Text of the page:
Communities that want to grow must be welcoming and open minded.
I've heard this happen multiple times. Doctors, dentists, and educated professionals come into town and can't really settle because the culture promoted by the trend setters of the community is "in" versus "out" and "local" versus "outsider". It moves from opportunities to law enforcement. Let it go unchallenged for a long time and we will find our economy diminish and our community become further misaligned to the global market and that in turn damages future prospects for everyone.
New people may bring new ways of doing things but if they spark positive change and new economic opportunities than that is helpful.
If we were to go back and look at where this culture stems from we will find that it is related to high school sports and how it may have inadvertently socialized some people to a dysfunctional value system. You may also find that the same families from the "in group" are played more often and become demanding coaches later thereby reinforcing dysfunction from one generation to the next in the system.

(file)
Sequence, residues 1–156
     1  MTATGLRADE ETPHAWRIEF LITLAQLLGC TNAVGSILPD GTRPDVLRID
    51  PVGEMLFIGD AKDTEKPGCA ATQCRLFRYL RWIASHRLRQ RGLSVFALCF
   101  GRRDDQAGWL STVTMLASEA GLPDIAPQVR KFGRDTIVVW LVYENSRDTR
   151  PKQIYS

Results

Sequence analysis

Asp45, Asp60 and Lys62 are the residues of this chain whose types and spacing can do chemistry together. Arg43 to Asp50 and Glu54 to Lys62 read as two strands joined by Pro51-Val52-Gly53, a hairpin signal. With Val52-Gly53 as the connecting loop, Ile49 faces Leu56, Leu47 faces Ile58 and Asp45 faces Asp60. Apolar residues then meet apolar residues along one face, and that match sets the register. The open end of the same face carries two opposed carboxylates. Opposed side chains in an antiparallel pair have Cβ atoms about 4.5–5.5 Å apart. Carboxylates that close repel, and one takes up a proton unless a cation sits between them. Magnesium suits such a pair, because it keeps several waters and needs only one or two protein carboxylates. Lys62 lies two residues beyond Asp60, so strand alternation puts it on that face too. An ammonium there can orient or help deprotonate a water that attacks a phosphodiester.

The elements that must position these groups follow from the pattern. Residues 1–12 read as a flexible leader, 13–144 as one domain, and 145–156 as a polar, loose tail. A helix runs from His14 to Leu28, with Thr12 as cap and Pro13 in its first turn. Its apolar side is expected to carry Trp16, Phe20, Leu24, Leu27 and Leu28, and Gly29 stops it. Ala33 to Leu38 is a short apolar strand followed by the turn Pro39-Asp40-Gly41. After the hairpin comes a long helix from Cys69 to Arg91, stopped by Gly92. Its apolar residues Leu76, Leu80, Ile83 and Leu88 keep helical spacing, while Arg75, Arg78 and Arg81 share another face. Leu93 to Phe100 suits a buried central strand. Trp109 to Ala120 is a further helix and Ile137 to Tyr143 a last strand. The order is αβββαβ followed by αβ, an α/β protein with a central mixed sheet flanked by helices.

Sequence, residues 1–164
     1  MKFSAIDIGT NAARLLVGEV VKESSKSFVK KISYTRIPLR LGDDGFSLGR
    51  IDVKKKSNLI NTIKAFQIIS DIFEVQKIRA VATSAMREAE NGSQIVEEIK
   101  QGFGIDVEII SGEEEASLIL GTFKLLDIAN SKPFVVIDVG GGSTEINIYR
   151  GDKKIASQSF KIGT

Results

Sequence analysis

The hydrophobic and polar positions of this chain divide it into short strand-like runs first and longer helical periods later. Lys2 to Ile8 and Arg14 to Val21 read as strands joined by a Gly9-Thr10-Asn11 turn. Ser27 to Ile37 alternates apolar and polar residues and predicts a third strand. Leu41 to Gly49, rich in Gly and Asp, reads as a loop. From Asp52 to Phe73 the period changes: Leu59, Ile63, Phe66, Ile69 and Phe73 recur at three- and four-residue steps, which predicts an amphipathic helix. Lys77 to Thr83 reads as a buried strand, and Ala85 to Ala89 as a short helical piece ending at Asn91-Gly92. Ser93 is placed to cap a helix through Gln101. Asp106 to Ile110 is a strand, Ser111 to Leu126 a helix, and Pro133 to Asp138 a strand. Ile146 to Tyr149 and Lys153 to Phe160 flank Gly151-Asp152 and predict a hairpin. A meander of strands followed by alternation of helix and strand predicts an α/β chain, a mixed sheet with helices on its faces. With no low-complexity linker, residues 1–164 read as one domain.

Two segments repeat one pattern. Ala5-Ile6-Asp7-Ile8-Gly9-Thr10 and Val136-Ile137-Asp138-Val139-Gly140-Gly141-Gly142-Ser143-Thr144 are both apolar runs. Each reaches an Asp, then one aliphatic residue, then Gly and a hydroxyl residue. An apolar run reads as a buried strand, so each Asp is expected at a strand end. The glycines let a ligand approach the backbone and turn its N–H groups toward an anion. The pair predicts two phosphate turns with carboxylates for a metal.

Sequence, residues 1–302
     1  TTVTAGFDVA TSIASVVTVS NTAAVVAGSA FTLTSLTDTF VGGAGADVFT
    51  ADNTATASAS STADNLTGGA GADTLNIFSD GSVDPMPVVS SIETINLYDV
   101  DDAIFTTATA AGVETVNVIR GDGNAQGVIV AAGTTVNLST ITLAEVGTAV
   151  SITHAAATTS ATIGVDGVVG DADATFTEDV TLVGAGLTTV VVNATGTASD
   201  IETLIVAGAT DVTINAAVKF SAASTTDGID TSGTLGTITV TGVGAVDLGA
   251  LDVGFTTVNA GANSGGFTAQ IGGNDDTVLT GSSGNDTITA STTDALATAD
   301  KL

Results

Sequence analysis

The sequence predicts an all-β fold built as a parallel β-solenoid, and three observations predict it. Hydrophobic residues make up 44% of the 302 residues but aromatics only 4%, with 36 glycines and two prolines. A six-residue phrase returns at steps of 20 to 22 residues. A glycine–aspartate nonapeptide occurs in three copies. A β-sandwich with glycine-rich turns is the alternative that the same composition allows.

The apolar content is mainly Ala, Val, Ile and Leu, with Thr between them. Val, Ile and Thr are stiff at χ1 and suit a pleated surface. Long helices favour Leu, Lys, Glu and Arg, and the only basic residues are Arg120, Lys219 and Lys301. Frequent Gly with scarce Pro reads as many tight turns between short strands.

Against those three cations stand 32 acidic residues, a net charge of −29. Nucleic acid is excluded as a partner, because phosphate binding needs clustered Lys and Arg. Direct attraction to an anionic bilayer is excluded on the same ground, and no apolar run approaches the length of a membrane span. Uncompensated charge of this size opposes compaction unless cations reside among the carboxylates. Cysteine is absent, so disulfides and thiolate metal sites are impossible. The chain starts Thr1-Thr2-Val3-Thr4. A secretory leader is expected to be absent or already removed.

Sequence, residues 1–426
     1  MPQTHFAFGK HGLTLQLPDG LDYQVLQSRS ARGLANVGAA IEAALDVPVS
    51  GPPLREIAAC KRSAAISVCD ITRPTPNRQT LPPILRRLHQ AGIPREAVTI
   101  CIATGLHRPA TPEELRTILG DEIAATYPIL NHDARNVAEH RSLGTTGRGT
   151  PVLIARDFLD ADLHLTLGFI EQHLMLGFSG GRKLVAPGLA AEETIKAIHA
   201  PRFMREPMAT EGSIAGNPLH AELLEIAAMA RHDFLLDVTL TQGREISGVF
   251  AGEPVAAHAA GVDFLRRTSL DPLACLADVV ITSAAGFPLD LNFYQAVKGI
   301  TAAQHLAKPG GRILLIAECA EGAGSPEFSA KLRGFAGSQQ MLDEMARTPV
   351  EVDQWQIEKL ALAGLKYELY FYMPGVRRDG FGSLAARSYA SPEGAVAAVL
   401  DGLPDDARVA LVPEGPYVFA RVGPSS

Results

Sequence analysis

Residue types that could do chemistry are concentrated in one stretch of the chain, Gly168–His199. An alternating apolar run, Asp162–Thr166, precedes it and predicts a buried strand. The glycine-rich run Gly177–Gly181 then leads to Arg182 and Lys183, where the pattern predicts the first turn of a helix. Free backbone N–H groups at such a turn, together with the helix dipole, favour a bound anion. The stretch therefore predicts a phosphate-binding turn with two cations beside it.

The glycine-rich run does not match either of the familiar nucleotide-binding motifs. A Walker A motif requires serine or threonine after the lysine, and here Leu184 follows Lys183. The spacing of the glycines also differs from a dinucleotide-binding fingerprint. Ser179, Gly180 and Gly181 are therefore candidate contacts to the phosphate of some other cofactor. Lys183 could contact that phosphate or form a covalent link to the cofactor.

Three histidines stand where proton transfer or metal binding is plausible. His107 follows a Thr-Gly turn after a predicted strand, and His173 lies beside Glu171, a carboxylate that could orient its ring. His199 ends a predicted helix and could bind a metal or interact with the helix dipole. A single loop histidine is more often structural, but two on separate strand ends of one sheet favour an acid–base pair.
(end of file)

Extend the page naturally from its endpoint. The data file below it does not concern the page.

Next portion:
To change that culture means to change the sports to focus less on "clansmanship" and more on teaching the fundamentals of health.
That isn't all sports players but often there is a dominant culture managed by a central group that has significant status stake in being seen as "the sports players". Its odd because most didn't play college sports or move onto the professional world. Yet because it was such a big part of their life they can't shake the identity long after it is no longer relevant. Its a type of delusion! There is nothing wrong with supporting teams, supporting local opportunities or fitness in general and those behaviors of clubs and groups should be applauded.
Sports clubs and sports programs are about supporting the development of children through positive sportsmanship and good health.